Death of the Critic


Written by: Tom Blaich

As a follow-up to our discussion on the Noble Savage, I wanted to take the time to talk about the delicate issue of tokenism in contemporary media or literature. Put simply, Tokenism is the idea of diversity being included for show, of including minority characters in minor roles such that a single minority character has to represent the entirety of their group.

In less malicious contexts, this can take the shape of something that you might see on a brochure, a “multicultural” group of people that are diverse in appearance only. These characters are not allowed to express themselves in a way that would significantly differentiate them from the norm (read: white and straight). It is a way for studios to brag about embracing diversity without actually doing anything of substance.

In more malicious contexts, we can see these characters being set up like a straw person. If the only character of the group (whether that be black, gay, Muslim, trans, or anything else) acts in a certain way (violent, promiscuous, radical, deviant, etc.) then we are supposed to assume that all members of the group act this way. It plays to established stereotypes and reinforces them in a negative way. Whereas characters that are part of the norm (white, straight, male, Christian, etc.) are allowed to show character variety and minority characters are not, it allows negative stereotypes to be enforced.

As a sort of corollary to this, there is a sort of “perfect” token minority character that is used, which doesn’t seem like a problem at first, until you ask who gets to define what makes this character perfect. In this situation, the author shows us what they think a minority should act like: how they should dress, speak, lust, desire, and submit to the main character as if to say that they are all wrong and the only way for them to be “fixed” would be for them to act in this particular way.

\It is basically treating an entire group like they are children, needing to be told how to live their lives. “If they only knew what was good for them” is a sentiment that is entirely too popular in literature and film. It is why gay characters in films aren’t allowed to be sexual in the way that heterosexual characters are. “I don’t care what they do as long as I can’t see it”, meanwhile two heterosexual characters are having loud, sweaty sex all over the place.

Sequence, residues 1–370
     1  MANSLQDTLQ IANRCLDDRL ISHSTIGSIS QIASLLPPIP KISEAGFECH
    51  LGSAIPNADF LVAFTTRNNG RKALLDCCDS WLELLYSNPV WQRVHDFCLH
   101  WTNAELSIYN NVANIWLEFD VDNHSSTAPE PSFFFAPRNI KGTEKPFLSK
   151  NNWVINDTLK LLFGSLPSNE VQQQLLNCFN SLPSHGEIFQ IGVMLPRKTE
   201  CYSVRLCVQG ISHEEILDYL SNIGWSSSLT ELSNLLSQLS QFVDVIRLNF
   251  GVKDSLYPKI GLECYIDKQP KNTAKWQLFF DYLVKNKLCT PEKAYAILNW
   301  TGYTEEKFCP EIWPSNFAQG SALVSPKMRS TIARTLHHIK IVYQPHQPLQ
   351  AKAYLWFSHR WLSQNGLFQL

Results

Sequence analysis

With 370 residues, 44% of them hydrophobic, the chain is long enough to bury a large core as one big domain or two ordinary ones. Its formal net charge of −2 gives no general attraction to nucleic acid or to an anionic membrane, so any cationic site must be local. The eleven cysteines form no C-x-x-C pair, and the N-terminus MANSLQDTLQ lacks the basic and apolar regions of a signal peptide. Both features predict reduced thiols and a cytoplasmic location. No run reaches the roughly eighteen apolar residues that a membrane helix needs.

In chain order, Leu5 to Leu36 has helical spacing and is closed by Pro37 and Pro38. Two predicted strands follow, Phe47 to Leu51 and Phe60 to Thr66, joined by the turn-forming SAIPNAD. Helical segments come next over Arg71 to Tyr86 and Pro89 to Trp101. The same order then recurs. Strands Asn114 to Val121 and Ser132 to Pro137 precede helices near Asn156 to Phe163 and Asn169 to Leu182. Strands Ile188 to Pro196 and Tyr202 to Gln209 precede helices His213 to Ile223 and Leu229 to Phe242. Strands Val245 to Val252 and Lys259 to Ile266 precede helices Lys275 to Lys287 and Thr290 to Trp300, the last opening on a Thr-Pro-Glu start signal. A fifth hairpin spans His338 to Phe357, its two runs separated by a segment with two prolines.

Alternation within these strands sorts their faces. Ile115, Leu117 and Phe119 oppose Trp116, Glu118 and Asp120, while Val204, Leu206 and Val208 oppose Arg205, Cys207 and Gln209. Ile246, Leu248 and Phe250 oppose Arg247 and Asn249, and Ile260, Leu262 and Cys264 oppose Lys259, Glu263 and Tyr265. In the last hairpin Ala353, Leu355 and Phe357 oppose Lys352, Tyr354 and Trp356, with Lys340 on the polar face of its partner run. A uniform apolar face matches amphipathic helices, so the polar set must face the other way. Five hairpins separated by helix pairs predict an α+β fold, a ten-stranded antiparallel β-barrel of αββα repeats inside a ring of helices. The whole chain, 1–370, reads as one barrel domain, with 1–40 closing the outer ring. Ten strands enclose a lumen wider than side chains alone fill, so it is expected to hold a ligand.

Tokenism is not always malicious. Sometimes creators are genuinely trying to include minority characters but failing to flesh them out in the same way that they would for a white character or a straight character or a male character. And this speaks to a difference in how characters of different groups are fundamentally being viewed.

This difference, and the culture that it creates it is part of criticism. Whether it is born from maliciousness or simply from ignorance, picking out these characters and seeing how they are being used to either forward some sort of agenda, or point out the differences in ways that show how one group is supposedly to be inherently more than the other. Recognizing these power structures and learning how they affect their text can greatly advance the way that we criticize.


Tom has been writing about media since he was a senior in high school. He likes long walks on the beach, dark liquor, and when characters reload guns in action movies.

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